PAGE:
More, much more is found in this volume, all of it worthy of being put into practice.
Because some in the “Alliance” churches are looking towards even broader unity, including churches of Presbyterian vintage, a word of caution may be in order. Much as this may and is a desirable objective, let us begin by first staying close to home. Then such issues as a common Church Order, services twice on the Lord’s day and also on special days, “dose” communion, catechetical sermons and the like need not immediately require some resolution. In a fervent desire for true ecumenicity we may soon find ourselves “with too much hay on our fork.”
Then, too, there is the question of a name. All of us, the one more and the other less, do tend to cling to “identification tags.” And these may not be taken lightly. Several suggestions have been made in this little volume. May I, with your gracious patience in this lengthy review, add another? “The United Reformed Churches in North America.” All that would then be needed, should Presbyterian churches seek to affiliate, is a minor addition: “Reformed-Presbyterian.”
In this book we find a challenge for all who love the Reformed faith in these days of doctrinal insensitivity and ecclesiastical confusion. But it will do no good, if it is only read and then shelved in some libraries. Let every Reformed pastor, professor, elder, teacher and member acquaint themselves thoroughly with its content. Consistories and church societies need to spend time discussing it, opening the way for planned discussions with congregations, also those of different denominational affiliations when living in proximity to each other. Church union should become a true “grass roots” movement. Then hopefully, we will free ourselves from misunderstandings and begin increasingly “to speak the truth in love,” finding each other more firmly grounded in the Lord Christ and His Word.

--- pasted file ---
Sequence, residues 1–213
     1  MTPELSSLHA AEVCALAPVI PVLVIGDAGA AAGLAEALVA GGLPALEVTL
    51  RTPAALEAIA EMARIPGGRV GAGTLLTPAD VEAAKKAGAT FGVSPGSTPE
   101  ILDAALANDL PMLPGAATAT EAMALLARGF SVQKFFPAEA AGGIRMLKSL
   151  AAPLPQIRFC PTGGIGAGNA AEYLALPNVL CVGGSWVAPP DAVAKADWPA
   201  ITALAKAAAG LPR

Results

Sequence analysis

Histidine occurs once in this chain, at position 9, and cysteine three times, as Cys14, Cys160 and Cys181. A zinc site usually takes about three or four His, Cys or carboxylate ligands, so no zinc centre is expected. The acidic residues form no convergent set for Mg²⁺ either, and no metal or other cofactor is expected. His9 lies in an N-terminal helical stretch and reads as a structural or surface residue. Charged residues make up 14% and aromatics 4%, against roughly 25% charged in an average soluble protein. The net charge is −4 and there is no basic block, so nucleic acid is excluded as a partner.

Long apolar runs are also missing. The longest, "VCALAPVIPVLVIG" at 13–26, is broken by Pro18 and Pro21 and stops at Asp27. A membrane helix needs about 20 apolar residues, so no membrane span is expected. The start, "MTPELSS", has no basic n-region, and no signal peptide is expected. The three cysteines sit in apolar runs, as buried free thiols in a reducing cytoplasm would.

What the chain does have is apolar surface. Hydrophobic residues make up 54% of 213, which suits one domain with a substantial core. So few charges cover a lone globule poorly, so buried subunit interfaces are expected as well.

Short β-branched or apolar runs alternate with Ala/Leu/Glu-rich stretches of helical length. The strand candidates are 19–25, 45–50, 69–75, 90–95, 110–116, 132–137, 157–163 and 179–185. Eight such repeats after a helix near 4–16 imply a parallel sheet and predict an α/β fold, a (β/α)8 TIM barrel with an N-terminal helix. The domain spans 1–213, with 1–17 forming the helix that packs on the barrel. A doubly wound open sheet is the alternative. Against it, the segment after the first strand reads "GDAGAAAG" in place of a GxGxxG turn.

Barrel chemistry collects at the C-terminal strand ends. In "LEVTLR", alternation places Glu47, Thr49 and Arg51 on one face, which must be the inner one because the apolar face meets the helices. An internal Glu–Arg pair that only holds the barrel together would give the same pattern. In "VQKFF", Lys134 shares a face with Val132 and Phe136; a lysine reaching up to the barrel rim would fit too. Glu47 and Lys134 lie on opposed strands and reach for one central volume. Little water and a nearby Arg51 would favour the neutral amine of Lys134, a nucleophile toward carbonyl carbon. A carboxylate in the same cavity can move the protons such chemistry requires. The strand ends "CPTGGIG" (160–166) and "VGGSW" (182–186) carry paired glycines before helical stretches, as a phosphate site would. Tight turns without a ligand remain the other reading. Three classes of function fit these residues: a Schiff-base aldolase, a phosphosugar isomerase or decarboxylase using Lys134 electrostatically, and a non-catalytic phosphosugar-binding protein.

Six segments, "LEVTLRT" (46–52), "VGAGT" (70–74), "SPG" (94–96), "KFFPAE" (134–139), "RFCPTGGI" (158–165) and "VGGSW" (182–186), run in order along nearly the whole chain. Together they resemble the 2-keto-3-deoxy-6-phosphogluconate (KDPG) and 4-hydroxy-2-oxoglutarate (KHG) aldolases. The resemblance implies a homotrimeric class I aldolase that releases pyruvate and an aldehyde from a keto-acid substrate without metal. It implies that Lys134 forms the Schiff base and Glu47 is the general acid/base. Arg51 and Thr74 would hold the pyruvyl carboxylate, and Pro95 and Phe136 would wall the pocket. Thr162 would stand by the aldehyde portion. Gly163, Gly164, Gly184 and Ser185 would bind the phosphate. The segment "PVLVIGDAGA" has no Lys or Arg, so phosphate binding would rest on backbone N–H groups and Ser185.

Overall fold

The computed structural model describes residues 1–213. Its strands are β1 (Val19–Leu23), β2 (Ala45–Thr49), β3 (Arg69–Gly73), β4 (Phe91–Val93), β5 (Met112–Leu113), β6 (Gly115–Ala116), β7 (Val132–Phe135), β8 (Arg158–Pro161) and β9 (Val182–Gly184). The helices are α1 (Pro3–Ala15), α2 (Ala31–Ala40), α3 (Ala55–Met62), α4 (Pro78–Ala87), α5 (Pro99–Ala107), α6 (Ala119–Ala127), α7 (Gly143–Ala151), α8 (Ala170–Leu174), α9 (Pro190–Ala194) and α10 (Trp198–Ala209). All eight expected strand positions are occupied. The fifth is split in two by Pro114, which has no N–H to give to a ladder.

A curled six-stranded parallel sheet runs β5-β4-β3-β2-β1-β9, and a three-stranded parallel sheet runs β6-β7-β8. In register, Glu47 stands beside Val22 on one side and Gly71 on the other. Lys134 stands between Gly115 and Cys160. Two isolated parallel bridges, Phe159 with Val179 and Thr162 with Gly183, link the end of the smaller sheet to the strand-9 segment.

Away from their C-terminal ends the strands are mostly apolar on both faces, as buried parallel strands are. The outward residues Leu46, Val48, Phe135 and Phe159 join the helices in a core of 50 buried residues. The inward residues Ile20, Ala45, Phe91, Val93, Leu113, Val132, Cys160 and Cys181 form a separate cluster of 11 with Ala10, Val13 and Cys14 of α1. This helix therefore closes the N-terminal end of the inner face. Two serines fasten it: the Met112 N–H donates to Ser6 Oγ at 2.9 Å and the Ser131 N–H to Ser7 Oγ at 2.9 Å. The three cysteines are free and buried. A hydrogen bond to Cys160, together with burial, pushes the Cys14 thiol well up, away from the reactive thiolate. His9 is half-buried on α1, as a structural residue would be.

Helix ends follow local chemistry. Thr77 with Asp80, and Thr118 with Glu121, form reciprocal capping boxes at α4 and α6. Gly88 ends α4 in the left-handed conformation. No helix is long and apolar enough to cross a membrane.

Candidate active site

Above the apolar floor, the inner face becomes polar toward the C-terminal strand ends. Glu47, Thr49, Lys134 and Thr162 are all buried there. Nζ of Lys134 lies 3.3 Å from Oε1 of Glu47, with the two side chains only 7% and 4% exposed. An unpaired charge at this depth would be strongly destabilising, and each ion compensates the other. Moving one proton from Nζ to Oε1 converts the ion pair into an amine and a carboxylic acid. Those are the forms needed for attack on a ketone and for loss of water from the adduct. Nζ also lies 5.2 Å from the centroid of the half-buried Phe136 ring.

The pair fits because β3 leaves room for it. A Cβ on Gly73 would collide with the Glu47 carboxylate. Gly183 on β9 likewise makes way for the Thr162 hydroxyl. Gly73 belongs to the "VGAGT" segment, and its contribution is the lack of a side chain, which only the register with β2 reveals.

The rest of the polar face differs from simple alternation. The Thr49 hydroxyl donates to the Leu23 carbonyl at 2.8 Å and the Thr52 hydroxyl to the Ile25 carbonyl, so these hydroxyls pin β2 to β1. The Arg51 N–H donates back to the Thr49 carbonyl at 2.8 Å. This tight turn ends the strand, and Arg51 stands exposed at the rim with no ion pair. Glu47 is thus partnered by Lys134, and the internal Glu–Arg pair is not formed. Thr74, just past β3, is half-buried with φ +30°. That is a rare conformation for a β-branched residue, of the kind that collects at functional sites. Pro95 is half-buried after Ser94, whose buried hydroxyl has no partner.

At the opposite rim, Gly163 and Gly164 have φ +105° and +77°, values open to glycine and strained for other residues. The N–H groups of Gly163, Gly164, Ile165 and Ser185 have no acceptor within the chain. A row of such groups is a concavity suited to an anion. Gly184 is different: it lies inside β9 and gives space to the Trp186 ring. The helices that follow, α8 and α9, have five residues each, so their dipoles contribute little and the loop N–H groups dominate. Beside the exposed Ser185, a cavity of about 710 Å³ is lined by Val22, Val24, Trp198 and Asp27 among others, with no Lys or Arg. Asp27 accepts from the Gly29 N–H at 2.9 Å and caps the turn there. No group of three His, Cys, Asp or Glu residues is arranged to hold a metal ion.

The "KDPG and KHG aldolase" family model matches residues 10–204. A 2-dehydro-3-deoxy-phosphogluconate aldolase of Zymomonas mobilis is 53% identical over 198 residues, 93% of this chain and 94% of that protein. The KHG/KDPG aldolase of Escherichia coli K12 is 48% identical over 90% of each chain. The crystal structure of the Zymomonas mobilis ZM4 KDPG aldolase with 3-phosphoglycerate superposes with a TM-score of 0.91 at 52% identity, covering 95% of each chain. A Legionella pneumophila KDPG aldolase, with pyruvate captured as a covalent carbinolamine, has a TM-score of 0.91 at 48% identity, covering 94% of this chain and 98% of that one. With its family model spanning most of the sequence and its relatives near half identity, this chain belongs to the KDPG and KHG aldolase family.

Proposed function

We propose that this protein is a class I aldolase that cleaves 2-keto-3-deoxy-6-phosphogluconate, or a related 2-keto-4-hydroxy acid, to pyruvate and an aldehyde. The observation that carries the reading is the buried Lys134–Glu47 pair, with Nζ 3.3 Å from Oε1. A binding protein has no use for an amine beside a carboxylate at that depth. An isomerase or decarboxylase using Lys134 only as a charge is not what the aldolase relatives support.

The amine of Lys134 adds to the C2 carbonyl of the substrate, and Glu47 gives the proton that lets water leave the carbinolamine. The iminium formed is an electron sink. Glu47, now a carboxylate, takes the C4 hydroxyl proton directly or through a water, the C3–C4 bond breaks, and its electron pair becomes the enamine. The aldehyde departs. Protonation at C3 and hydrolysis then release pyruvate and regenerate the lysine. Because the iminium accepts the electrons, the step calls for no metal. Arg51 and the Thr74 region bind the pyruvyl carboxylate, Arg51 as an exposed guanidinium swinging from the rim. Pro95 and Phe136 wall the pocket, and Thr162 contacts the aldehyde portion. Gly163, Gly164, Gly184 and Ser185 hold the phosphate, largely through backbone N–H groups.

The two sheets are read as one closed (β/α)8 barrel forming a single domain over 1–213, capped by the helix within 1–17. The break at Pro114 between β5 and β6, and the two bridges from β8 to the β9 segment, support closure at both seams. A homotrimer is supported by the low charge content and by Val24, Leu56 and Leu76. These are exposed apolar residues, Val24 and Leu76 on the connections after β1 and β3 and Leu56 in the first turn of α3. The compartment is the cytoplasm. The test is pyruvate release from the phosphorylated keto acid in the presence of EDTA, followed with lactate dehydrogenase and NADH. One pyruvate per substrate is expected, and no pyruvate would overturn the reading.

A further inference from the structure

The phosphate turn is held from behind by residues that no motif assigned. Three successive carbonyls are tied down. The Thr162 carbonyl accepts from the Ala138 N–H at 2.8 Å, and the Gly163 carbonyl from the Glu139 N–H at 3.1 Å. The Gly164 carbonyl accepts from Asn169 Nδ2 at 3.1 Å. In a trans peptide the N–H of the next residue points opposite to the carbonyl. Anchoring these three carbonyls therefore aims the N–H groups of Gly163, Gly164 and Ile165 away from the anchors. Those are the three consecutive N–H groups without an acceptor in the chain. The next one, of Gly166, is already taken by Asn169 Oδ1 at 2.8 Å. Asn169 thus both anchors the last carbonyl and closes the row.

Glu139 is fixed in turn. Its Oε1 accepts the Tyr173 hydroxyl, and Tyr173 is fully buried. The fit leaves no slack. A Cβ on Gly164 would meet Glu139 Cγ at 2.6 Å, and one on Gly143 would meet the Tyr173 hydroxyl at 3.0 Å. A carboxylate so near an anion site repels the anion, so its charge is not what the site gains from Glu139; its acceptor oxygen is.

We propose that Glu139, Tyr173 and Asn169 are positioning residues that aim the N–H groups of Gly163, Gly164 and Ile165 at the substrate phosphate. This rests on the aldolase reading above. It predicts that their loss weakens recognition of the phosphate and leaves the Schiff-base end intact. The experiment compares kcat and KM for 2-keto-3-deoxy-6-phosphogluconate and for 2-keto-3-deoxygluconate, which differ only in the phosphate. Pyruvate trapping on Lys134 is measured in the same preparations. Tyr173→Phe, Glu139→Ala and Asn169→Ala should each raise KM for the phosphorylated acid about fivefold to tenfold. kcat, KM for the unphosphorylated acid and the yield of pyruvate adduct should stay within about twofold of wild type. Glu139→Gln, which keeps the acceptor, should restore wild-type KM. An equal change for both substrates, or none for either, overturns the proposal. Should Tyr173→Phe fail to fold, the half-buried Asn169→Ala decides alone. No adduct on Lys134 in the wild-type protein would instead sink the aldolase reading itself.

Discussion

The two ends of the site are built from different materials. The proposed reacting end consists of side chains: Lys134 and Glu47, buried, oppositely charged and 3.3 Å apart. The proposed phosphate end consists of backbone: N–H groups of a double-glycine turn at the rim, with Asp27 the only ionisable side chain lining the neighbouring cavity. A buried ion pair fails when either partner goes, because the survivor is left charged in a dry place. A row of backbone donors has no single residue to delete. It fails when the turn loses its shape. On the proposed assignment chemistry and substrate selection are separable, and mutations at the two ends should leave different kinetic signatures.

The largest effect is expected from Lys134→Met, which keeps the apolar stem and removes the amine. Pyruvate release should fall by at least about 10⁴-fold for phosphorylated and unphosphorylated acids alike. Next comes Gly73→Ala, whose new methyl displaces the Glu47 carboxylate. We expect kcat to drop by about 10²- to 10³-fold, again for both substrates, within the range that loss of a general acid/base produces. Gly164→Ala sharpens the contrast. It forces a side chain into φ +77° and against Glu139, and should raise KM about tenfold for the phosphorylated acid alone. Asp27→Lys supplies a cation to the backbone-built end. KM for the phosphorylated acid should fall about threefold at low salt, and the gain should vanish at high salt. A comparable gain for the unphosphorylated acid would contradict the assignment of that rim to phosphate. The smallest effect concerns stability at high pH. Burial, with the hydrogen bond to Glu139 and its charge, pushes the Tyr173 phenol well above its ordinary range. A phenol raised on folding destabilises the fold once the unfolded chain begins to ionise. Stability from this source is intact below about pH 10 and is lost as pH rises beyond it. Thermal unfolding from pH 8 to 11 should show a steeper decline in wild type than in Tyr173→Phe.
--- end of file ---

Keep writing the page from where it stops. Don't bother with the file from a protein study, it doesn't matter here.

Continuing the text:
How seriously do we really take our Savior’s prayer “that they may all be one”? And what will you, my dear reader, now do about this summons so pointedly and practically explained in these pages?
Dr. Peter Y. De Jong is a retired minister in the CRC. He taught at Calvin Seminary and has authored several books, articles and study materials.